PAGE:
This year at the New York Auto Show, crown jewels were few and far between.
But most of them had already made their debuts in Geneva. So I was left looking for other things that, while not necessarily new, might provide some eye candy in the interim.
Naturally I felt drawn to the stand at Rolls-Royce. And found a crimson gem called the 2016 Phantom Drophead Coupe.
The $560,000 convertible is big and heavy and bold—normally a combination that exceeds my sense of good taste. But I couldn’t deny how stunning it looked with its gunmetal grey body and baby-soft Mugello red leather splashed over everything inside. It could easily double as a royal coach.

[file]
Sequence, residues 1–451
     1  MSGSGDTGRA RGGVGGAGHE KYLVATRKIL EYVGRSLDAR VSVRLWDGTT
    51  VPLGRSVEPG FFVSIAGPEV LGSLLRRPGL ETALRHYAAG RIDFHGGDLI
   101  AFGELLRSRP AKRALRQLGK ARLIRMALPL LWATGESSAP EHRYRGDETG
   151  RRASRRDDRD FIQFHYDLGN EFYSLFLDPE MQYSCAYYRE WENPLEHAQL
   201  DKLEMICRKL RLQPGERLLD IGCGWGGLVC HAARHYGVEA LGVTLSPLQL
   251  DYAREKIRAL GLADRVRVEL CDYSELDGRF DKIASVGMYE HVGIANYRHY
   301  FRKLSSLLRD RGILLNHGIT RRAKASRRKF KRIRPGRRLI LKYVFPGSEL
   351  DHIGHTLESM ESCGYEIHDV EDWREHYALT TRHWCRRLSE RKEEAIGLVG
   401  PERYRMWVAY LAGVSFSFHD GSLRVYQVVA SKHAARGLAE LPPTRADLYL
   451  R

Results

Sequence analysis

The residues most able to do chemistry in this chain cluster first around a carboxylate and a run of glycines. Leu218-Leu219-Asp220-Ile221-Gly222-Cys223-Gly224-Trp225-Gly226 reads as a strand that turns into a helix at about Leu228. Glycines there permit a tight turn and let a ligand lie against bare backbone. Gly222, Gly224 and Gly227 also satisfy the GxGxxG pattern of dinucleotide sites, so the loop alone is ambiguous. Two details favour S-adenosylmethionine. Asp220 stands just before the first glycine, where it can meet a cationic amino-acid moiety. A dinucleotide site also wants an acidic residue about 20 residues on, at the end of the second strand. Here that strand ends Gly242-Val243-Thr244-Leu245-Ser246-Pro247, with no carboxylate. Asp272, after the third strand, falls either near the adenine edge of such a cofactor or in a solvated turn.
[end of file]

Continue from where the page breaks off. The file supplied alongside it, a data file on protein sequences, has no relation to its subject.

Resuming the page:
The thing feels as big as a living room, and I literally had to step up to get into it—and I'm 6 feet tall in heels.
It’s meant to showcase Rolls’s popular and profitable bespoke program, which services its owners in pretty much whatever automotive fantasy they can imagine. So this one has seat belts colored a special shade of grenadine, with its Spirit of Ecstasy hood ornament illuminated from the bottom. The effect displays the perfect arch of her sculpted wings.
Inside, it has stainless steel pinstripe detailing and stark white-faced instrument dials; outside are stylish 21-inch wheels. Even the doorside umbrellas are color-coordinated with the hand-stitched interior and black lambswool carpeting. The Rolls-Royce badges inlaid in the doors light up at night, and the one on the dash is made from solid silver.
It’s a lot of work to put into one car, but it’s worth it: Executives at Rolls said 95 percent of all of their customers get their cars bespoke.
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